U.S. Supreme Court
Pepper v. Litton, 308 U.S. 295 (1939)
Pepper v. Litton
Argued November 9, 10, 1939
Decided December 4, 1939
308 U.S. 295
1. The overruling by a state court of a motion made by the trustee of a bankrupt corporation to set aside a judgment against the corporation, where such motion was based exclusively upon the ground that the state practice governing confession of judgments was not followed in obtaining the judgment, and upon the ground that the agent purporting to act for the corporation in the matter was not authorized, does not bar the trustee, acting in the bankruptcy court on behalf of other creditors, from attacking the validity or priority of the claim underlying the judgment, matters which were not in issue and could not have been decided in the state court proceeding. P. 308 U. S. 302.
2. Courts of bankruptcy, in passing upon the validity and priority of claims, exercise equity powers, and have not only the power, but the duty, to disallow or subordinate claims if equity and fairness so require. That power and duty are especially clear where the claim seeking allowance accrues to the benefit of an officer, director, or stockholder of the bankrupt. P. 308 U. S. 303.
3. Merger of a claim in a judgment does not change its nature insofar as provability in bankruptcy is concerned; the court of bankruptcy may look behind the judgment to the essence of the liability. P. 308 U. S. 305.
4. A dominant and controlling stockholder has a fiduciary duty to creditors in dealing with the corporation and with them, and, when his transactions are challenged, must prove the good faith of the transactions and their inherent fairness from the viewpoint of the corporation and those interested therein. This obligation is enforceable by the trustee in bankruptcy of the corporation. P. 308 U. S. 306.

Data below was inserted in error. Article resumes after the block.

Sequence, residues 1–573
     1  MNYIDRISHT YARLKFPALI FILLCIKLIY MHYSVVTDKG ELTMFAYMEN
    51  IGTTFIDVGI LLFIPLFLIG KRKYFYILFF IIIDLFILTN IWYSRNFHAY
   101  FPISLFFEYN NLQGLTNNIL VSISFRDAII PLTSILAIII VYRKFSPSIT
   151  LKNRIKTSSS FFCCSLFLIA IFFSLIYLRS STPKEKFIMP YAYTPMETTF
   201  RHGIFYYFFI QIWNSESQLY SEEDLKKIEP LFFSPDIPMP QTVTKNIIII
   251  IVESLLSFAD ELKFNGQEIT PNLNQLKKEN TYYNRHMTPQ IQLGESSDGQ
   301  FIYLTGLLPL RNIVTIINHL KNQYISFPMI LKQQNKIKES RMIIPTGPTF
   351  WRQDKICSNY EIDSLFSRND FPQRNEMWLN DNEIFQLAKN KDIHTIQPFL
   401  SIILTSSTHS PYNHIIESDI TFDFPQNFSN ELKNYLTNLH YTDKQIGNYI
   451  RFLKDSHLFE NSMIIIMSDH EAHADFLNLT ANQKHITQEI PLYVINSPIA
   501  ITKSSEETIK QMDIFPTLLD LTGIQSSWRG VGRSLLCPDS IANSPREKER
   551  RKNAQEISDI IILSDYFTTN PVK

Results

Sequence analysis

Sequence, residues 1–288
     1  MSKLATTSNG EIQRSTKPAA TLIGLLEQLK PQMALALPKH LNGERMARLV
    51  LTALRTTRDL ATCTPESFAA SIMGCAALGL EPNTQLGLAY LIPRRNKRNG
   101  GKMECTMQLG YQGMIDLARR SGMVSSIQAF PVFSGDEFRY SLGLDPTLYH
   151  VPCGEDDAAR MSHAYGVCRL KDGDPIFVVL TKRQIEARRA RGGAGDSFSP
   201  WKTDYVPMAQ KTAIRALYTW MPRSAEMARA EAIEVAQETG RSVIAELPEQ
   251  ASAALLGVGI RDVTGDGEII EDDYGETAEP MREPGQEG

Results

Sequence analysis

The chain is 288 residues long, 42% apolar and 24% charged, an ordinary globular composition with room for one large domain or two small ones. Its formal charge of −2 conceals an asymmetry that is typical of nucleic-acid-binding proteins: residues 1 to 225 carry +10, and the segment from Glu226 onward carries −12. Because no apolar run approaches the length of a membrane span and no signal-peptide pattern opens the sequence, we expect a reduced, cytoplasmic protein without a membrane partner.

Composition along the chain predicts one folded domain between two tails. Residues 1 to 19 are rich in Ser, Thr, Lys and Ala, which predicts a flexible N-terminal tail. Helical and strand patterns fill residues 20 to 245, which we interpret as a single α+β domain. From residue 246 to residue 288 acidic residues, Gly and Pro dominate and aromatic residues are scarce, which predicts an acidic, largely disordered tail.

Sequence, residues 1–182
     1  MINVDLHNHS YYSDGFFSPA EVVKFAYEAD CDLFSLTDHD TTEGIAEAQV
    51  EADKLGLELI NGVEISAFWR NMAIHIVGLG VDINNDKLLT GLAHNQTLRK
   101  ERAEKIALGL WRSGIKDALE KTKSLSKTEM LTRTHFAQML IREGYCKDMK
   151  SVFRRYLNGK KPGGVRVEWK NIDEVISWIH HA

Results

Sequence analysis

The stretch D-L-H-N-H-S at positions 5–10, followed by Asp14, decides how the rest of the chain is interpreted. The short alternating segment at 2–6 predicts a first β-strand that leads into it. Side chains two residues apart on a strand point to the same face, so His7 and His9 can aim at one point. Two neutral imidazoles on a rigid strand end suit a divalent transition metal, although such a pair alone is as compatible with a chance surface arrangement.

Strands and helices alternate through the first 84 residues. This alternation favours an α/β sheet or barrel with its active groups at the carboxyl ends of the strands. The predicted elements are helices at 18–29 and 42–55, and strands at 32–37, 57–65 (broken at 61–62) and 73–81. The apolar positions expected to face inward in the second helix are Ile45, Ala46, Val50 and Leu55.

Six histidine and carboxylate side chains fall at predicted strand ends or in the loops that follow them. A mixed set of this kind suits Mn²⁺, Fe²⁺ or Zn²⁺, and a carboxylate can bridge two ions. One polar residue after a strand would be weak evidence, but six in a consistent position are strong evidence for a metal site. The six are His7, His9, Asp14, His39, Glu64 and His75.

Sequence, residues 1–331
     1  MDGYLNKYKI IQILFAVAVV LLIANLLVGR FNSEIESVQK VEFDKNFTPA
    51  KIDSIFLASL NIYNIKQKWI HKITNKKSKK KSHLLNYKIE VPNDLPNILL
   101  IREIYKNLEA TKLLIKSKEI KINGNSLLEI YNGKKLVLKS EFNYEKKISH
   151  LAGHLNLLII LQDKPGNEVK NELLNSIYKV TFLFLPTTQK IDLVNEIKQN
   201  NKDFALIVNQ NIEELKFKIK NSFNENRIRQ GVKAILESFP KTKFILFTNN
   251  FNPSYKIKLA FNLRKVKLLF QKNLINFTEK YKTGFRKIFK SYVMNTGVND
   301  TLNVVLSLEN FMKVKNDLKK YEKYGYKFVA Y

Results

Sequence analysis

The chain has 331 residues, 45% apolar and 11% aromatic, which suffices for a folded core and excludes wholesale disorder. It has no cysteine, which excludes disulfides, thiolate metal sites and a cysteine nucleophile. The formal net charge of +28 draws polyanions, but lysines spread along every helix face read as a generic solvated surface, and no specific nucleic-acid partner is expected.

5. A dominant or controlling stockholder or group of stockholders are fiduciaries, as are directors. Their powers are powers in trust. P. 308 U. S. 306.
6. The dominant and controlling stockholder of a corporation, scheming to defraud one of its creditors, sued the corporation on accumulated unpaid salary claims, the amounts of which were fixed by himself, and which he sought to collect only when the corporation was in financial difficulties; caused the corporation to confess chanroblesvirtualawlibrary
judgment; used the judgment to delay the other creditor; levied on part of the corporate property and bought it in at sheriff's sale for much less than his judgment or the other claim; transferred the property to a second "one-man" corporation for six times what it cost him at the sale, payable in stock; caused the first corporation to go into voluntary bankruptcy for the sole purpose of avoiding payment of the other creditor's claim; bought up other debts, and presented his judgment as a claim, preferred in part, against the remaining assets of the bankrupt.
Held, that the judgment claim was properly disallowed by the court of bankruptcy either as a secured or as an unsecured claim. P. 308 U. S. 310.
7. The fact that the judgment lien was perfected more than four months preceding bankruptcy cannot affect the result. P. 308 U. S. 312.
100 F.2d 830, reversed.
Certiorari, 307 U.S. 620, to review the reversal of a judgment disallowing a claim in bankruptcy.